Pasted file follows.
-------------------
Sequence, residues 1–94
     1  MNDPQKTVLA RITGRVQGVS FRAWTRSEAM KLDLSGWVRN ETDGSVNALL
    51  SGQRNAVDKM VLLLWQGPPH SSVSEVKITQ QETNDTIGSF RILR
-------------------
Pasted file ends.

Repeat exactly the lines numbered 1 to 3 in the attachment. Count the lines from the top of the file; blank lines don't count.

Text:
Sequence, residues 1–94
     1  MNDPQKTVLA RITGRVQGVS FRAWTRSEAM KLDLSGWVRN ETDGSVNALL
    51  SGQRNAVDKM VLLLWQGPPH SSVSEVKITQ QETNDTIGSF RILR